The dream behind Ericsson Information System (EIS), eventually became a nightmare. The concept had many sound elements but the complete convergence it envisioned seemed impossible. “We had constant problems with a lack of components for production. For example, we did not have a cross-checked Ericsson inventory list for the newly acquired companies Facit and Datasaab. We could not rely on the manufacturing forecasts from the component suppliers, and that led unavoidably to problems when we were to deliver to the end customer,” says Roland Guillou, who worked with production projects for EIS in the 1980s.
Another difficulty was the strategy shift that followed when IBM’s mainframes began to be replaced by PCs. “The corporate culture at Facit, Ericsson and Datasaab did not match, and the production development and manufacturing standards were too different. As sales forecasts for EIS products increased, so did the delivery problems,” says Guillou.
Björn Svedberg finally concluded that EIS was on the wrong track and should be phased out. EIS CEO Stig Larsson, however, disagreed. Svedberg then initiated a strategic project to be undertaken by Lars Ramqvist, who had been attached to the group’s central management in 1983 to undertake strategic analysis and was appointed head of Ericsson’s component company, Rifa, in 1984. Ramqvist’s project resulted in a core-business concept that the board eventually adopted. This concept did not include production of its own computer terminals.
Could EIS be sold off? Ericsson put out feelers in many directions, including towards Nokia, but found no interest. However, as the authors Åsgård & Ellgren put it: “One day, however, Werthén rang the head of Nokia, Kari Kairamo, and after talking for about 15 minutes, he put the phone down and shouted: ‘It’s sold, my friends! It’s sold!’”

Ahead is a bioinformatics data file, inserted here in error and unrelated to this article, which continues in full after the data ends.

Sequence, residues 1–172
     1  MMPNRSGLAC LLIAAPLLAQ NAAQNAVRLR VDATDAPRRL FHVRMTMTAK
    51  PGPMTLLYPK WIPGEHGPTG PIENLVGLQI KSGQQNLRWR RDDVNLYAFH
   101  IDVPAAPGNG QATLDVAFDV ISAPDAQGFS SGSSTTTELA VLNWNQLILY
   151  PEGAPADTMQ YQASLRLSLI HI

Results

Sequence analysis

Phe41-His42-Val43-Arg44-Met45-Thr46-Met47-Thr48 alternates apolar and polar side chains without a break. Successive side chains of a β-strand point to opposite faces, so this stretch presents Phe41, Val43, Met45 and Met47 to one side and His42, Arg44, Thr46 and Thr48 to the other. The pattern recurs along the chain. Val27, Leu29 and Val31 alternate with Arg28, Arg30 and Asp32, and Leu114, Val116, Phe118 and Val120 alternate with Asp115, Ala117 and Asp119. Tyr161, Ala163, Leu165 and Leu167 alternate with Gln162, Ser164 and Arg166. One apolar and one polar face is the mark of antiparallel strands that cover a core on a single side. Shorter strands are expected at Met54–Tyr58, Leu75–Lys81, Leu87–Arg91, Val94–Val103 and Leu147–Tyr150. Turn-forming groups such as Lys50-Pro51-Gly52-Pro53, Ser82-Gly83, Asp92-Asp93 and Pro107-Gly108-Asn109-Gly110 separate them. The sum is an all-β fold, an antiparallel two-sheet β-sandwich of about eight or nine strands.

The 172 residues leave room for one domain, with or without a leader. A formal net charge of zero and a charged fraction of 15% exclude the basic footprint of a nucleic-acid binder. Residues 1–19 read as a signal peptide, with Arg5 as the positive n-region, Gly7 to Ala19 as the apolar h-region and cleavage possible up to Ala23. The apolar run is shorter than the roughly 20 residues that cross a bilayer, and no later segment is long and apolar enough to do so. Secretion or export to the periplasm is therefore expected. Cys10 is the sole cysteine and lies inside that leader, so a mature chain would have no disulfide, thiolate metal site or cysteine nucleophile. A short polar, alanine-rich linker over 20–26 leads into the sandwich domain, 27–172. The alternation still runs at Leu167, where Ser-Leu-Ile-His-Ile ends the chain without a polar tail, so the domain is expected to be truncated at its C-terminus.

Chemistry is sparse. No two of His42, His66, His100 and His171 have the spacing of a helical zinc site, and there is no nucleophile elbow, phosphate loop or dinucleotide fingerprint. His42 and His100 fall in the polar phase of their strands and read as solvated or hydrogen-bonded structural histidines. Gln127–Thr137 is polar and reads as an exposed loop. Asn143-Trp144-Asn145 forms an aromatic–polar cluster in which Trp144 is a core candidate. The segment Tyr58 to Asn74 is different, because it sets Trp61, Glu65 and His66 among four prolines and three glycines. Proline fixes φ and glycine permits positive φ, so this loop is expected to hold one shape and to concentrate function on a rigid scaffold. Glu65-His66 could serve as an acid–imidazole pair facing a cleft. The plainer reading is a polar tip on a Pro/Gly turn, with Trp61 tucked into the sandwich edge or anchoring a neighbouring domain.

NO FURTHER LOSSES
The purchase agreement was negotiated between Svedberg and Nokia’s president, Simo Vuorilehto. Svedberg recalls: “I was able to walk into the boardroom and announce that thanks to the deal we would not have to reckon with further losses.” Nokia took over Ericsson Information Systems from the beginning of 1988.
Kairamo was in close contact with Pehr G. Gyllenhammar, head of Volvo, the largest Nordic industrial group, who says: “This was based on the feeling that Kari and I had that there was a lot we could do in Europe.” An alliance with Nokia would have suited Gyllenhammar’s then strategy of turning Volvo into an industrial holding company.
Business historian Janne Salonen put it so: “Gyllenhammar would hardly have had any problems in getting it past Volvo’s board. But the initiative made no progress at Nokia. One day in November, the last time they met, Kairamo was very depressed and said: ‘They [Tiivola and Lassila, who represented the two largest owners] don’t want to’. But Kairamo had obviously only talked to Tiivola, who had promised in his turn to talk to Lassila but clearly failed to do so.”
Author: Svenolof Karlsson & Anders Lugn